In the 1890’s in America, mine workers faced harsh working conditions. There were few safety mechanisms on machines, pay commonly amounted to less than one dollar for a 12 to 14-hour workday, and mine owners commonly paid their employees in scrip, company-printed money, only usable at company-owned stores, where prices were significantly higher. And especially important to NCL’s history, many mine workers were children, with mine owners commonly hiring boys as young as ten years of age to work in the mines.
Thanks to decades of battles to get union representation by the United Mine Workers union and its many hard-fought battles, conditions have improved in the mines and mineworkers are well paid. But the lives of mineworkers are still too cheap.
Last week, federal investigators looking into the mine explosion in April of last year in West Virginia found that Massey Energy, the owner of the mine where 29 men were killed in an explosion, kept accounts of hazardous conditions out of official record books where inspectors would see them. For example, one internal report from March 1, 2010, shortly before the accident, noted a problem with water sprayers, while the official report stated flatly “none observed” in the column for hazardous conditions.
After the mine disaster, a lot negative information came to light about Don Blankenship, owner of Massey Mines – including how he undervalued the safety of miners, was obsessed with output, checking on mine production every several hours. Now we learn that Massey Mines kept a set of internal books where safety hazards were recorded, out of sight of state inspectors, and off the official books that the law required them to keep.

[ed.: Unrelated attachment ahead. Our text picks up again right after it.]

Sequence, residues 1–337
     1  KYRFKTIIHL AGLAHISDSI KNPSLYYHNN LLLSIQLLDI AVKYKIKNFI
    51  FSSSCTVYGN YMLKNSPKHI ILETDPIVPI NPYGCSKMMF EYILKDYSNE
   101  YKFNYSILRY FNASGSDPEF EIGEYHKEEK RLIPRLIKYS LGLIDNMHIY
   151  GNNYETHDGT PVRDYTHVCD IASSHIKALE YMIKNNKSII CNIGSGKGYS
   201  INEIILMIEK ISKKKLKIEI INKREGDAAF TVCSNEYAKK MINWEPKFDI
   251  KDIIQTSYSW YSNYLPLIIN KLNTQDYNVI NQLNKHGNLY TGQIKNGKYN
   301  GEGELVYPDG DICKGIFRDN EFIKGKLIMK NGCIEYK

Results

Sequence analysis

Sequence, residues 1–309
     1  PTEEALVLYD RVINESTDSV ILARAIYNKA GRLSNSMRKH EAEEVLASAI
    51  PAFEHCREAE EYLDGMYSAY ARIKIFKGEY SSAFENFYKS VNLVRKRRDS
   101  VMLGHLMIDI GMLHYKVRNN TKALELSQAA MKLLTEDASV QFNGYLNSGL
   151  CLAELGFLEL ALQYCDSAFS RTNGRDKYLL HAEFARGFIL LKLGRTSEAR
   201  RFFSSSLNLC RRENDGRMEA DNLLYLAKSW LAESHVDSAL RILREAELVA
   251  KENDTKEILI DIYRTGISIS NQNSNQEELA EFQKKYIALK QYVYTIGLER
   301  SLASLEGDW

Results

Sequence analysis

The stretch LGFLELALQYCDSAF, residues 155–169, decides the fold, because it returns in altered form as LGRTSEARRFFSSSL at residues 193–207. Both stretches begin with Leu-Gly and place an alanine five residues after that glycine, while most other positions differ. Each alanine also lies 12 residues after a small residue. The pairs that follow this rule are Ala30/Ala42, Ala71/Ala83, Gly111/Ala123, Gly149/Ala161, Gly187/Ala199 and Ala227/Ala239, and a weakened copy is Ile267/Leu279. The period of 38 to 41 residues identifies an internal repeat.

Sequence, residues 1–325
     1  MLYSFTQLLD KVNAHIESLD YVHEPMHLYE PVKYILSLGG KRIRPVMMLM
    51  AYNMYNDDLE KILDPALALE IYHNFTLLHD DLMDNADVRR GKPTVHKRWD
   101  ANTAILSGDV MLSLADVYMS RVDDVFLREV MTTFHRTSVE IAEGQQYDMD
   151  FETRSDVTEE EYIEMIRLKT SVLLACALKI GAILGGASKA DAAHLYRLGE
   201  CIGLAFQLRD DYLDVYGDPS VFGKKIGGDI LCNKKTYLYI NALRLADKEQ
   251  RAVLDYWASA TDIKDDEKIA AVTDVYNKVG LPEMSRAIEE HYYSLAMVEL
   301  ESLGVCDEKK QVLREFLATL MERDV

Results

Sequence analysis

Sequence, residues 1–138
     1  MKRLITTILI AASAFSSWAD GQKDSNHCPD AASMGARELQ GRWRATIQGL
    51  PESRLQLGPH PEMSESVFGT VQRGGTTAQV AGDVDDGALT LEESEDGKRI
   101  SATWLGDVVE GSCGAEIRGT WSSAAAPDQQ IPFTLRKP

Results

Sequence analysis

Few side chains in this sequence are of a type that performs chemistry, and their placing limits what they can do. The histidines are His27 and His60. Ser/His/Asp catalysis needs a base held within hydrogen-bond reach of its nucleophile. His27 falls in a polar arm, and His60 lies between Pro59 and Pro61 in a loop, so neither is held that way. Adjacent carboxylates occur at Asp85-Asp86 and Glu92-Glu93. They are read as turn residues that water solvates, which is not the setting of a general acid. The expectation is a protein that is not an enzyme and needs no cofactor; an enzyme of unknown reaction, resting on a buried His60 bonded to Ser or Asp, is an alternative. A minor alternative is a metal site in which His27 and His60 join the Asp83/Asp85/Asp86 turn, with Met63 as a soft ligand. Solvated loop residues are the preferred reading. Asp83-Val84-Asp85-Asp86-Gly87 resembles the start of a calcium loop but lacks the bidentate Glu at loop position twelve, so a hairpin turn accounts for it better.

We owe a debt of gratitude to the team of federal investigators, who spent a year sifting through more than 84,000 pages of documents, interviewing 266 people and examining evidence at the Upper Big Branch mine, where the explosion occurred.
Kevin Stricklin of MSHA, the federal agency responsible for mine safety, at a press conference this week, gave a stinging indictment of Massey practices, saying the federal investigation by more than 100 people had been able to rule out the company’s assertion that the explosion on April 5, 2010, happened because of an event beyond its control: a huge inundation of gas.
His findings matched those of the earlier report, conducted by a former federal mine safety chief which said that coal dust had been allowed to accumulate, spreading what had been a small ignition of methane through the mine and creating the deadliest mine blast in 40 years. Stricklin said this wasn’t simply a theory, “This is our conclusion.”
Falsifying records is a felony under federal mining laws. Though two people have been indicted in the mine explosion, Massey managers, including the former chief executive, Don Blankenship, have not been charged. 18 Massey executives have refused to be interviewed for the federal investigation, invoking their Fifth Amendment rights. Stricklin’s report found that Massey managers also pressured workers to omit dangerous conditions from the official books, Mr. Stricklin said that workers who tried to report risks were intimidated.
What can we do in the future to prevent negligent anti-union mine owners like Don Blankenship from exposing coal miners – who work under very dangerous conditions in the best of times – from continuing to operate? After all, the negligence killed 29 men working in the mine. Federal criminal indictments might help – and once these findings make their way to the US Attorney’s office – prosecutors should press charges against any and all officials whose actions put coal miners at risk.